It is tedious to show the spatial pattern of AAE over all GCMs, so in this study we show the frequency distribution of AAE as an overall evaluation. Specifically, the AAE associated with the first two moments (mean and variance) is calculated individually for each grid cell, and the frequency distribution is subsequently obtained by splitting the AAE over all grid cells into equal-sized bins. Figure 2 shows such a frequency distribution about the mean for the GCM simulations before bias correction (first column) and after (second column), while Figure 3 depicts similar results, but for variance. In December, less than 5%, on average, of the grid cells show biases greater than 10 mm for the corrected model data (Figure 2(b)), while biases greater than 10 mm account for approximately 45% of all grid cells with respect to the original simulation (Figure 2(a)). This is also the case for June, when the number of grids with a bias less than 20 mm increases by 45% after bias correction. Moreover, the probability of very large bias (>50 mm) in June is 22% for the uncorrected simulation, and this frequency drops to 3% if the equiratio CDFm technique is applied. In addition, a large spread in the bias occurs in June but is significantly damped after correction. After bias correction, the biases of mean precipitation are well controlled within 5 and 10 mm in December and June, respectively, for most grid nodes. Comparison between the two columns in Figure 2 exhibits a dramatic reduction in the probability of relatively large biases. The higher probability of relatively small biases suggests that the EQCDF is quite effective in reducing the original model biases outside the training period. It is also noteworthy that the ability of equiratio CDFm when applied to different GCMs is comparable, indicating the robustness of this method.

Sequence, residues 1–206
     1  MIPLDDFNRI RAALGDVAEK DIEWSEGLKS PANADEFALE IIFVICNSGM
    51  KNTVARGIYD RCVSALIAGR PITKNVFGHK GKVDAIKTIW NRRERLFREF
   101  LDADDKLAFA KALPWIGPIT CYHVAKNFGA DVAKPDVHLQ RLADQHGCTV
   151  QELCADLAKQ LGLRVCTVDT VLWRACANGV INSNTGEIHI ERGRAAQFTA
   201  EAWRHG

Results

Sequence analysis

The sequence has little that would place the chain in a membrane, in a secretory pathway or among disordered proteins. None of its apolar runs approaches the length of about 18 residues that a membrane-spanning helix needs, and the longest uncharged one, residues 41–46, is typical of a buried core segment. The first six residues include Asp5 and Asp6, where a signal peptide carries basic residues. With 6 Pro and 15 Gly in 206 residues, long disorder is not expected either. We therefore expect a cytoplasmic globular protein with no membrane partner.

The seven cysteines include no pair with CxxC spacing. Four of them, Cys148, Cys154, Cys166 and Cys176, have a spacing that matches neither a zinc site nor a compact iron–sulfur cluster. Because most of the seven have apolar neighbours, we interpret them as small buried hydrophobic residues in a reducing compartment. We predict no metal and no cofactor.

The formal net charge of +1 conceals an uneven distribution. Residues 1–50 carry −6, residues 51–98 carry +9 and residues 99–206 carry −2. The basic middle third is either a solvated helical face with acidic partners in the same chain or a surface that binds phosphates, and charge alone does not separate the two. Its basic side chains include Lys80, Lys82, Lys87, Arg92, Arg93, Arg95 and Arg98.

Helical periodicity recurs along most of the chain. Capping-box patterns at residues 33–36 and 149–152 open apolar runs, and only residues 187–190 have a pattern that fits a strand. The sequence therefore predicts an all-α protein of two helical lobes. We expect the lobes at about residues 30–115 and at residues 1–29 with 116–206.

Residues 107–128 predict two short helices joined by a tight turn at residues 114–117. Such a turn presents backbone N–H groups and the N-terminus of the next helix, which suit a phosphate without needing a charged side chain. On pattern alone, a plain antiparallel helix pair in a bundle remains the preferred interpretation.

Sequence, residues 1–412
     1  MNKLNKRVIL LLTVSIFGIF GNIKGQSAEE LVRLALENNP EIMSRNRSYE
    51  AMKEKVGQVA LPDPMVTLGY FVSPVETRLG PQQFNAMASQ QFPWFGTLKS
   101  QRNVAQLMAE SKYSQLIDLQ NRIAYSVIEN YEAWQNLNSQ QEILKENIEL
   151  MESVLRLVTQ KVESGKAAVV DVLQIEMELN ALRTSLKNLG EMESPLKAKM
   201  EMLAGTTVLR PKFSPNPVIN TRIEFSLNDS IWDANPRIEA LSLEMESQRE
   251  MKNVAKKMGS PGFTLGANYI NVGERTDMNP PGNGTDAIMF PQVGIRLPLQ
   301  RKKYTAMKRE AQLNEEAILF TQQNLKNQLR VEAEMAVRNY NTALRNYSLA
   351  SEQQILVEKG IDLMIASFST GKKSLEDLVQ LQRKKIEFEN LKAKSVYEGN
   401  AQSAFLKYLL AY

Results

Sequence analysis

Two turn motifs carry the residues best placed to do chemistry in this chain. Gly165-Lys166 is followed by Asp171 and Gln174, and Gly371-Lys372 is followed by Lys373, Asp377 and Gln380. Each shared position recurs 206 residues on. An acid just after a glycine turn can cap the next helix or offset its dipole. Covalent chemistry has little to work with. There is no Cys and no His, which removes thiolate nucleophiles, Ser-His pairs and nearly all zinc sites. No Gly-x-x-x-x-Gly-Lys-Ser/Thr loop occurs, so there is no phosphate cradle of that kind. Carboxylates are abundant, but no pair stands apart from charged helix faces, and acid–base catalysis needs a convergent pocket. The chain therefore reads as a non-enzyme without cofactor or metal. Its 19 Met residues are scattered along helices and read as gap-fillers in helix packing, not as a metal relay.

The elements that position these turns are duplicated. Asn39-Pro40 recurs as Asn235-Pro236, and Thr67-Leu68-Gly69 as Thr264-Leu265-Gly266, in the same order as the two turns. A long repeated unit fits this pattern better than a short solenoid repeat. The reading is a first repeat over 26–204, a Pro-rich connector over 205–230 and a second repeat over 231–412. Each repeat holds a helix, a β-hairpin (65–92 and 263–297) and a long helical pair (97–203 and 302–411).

Figure 2.

Frequency distribution of AAE (for statistics: mean) over each GCM for raw model output and that after bias correction in December ((a) and (b)) and June ((c) and (d)). The numbers along the x-coordinate represent the corresponding GCMs, as described in Section 3.1. The y-coordinate denotes the AAE (unit: mm).

Figure 3.

Frequency distribution of AAE (for statistics: variance) over each GCM for raw model output and that after bias correction in December ((a) and (b)) and June ((c) and (d)). The numbers along the x-coordinate represent the corresponding GCMs, as described in Section 3.1. The y-coordinate denotes the AAE (unit: mm2).

Analogous results can also be found in the adjustment of variance. As in Figure 2, only the comparisons in December and June are shown in Figure 3. Though the effect of bias correction is less pronounced in December, as shown in Figure 3(a) and (b), further inspection indicates that the frequency of biases greater than 500 mm2 after correction is reduced from 19% to 6% and approximately 85% of total grid cells show bias less than 250 mm2 compared with raw model output, with 69% correspondingly. In June, as displayed in Figure 3(c) and (d), as the frequency of biases less than 500 mm2 increases by 22% after bias correction, the remaining biases after applying EQCDF appear to cluster tightly in a narrower interval from 0 to 500 mm2. Finally, the equiratio CDFm provides consistent error reduction of variance across all GCMs. Not only the mean and variance discussed here, but also the systematic errors of skewness and kurtosis are remarkably reduced after performing equiratio CDFm (not shown). Additionally, it can be inferred that the geographical pattern of the bias-corrected fields based on equiratio CDFm will better reproduce the observations in view of the absolute error reduction.

4. Discussion